**About principal and interest**

If you purchase a new or used car with a loan, you agree to pay off the loan amount (*principal*) over a specified number of months. But you also agree to pay a finance charge, or *interest*, for the privilege of using the bank’s (or finance company’s) money for your purchase.

The amount of finance charge that you pay is the *interest rate*, which is set by the bank or finance company based generally on national lending rates and more specifically on your credit score. Interest rate is expressed as a annual percentage rate (APR), such as 5.5%.

**Interest rates can be different for the same loan amount**

Wholesale lending rates are lower now than in recent years but banks and finance companies, as well as dealers, can boost these rates (called *reserve*) for their customers. You can check current national average auto loan rates at Bankrate.com. At the time of this writing, the average 36 month new-car loan rate was 3.93% — very low. But automotive consumers may pay higher rates depending on the lender, dealer reserve, and the customer’s credit score.

Auto buyers should always know their most recent credit score before going car shopping. Otherwise, dealers know more about you than you know about yourself, which could lead to some unpleasant surprises. Getting your credit score is easy enough online. **What’s your FICO score? Find out now when you check your credit report for $1 at Experian.com!**

Auto manufacturers frequently offer limited-time promotional rates of 1.9%, 0.9% or even 0.0% on selected makes and models. These are real bargains but are usually limited to “highly qualified” customers — customers with good credit scores.

Each monthly car loan payment is made up partly of *principal* and partly of *interest*. **Although the amount of each payment is the same every month,** **the amount of principal and amount of interest changes each month**.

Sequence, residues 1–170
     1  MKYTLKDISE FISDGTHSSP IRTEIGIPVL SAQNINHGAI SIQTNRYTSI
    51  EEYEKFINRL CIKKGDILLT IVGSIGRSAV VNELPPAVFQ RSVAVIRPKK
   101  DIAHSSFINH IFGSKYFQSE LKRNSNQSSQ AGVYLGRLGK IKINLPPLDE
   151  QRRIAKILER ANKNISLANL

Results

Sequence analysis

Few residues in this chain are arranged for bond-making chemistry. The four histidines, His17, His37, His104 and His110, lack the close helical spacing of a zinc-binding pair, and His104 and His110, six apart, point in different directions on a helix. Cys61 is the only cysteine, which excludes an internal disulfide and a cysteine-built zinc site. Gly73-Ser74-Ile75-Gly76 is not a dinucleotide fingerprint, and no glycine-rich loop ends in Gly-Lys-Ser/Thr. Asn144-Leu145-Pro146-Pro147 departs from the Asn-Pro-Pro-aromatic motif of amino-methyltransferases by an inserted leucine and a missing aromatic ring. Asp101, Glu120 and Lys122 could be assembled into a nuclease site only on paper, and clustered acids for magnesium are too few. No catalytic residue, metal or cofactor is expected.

The reason is that as you pay down the loan amount, the amount of interest decreases each month. Therefore, at the beginning of a loan, you pay less principal each month — and more interest —than later in the loan term.

**Example Car Loan**

As an example, using our Auto Loan Calculator, let’s look at a typical car loan for a $20,000 car for 48 months with $2000 down payment — which means we are actually financing $18,000. Let’s also assume the interest rate is 5.5%. We will plug in our numbers and also select the “Show Payment Tables” option so that we can see exactly how the *amortization* of our loan payments works.

The first thing we see in the results of the calculation is that our monthly payment is $418.62 — every month. We also see that the amount of interest we’ll pay over the entire 48 months of the $18,000 loan is $2093.59. The total of all our payments will therefore be $22,093.59 ($18,000 plus $2093.59).

Notice that your first payment in month #1 is made up of only $336.12 principal and $82.50 interest, while your last payment in month #48 contains $416.71 principal and only $1.91 interest.

Another interesting observation is that by the time you’ve reached the halfway point in your loan at 24 months, you’ve already paid $1540.18 in interest, **almost three quarters of the $2093.59 total** for the entire loan term. But at the same time, you’ve paid only $8506.62 — **less than half of your $18,000 principal**.

**What this means**

It means that if you decide to **sell or trade your car halfway** through your 4 year loan, you still **owe more than half** **of your loan amount**, and the bank or **loan company already has most of their interest** money. If you buy another car with another loan, you begin paying up-front interest all over again. Doesn’t seem quite fair, but that’s the way it works.

Looking at it another way, by **ending your loan early at 2 years, you pay an effective interest rate of over 16%**, almost three times the 5.5% rate you thought you were paying. It simply is **not smart to end a car loan early** unless you are very near the end of your term.

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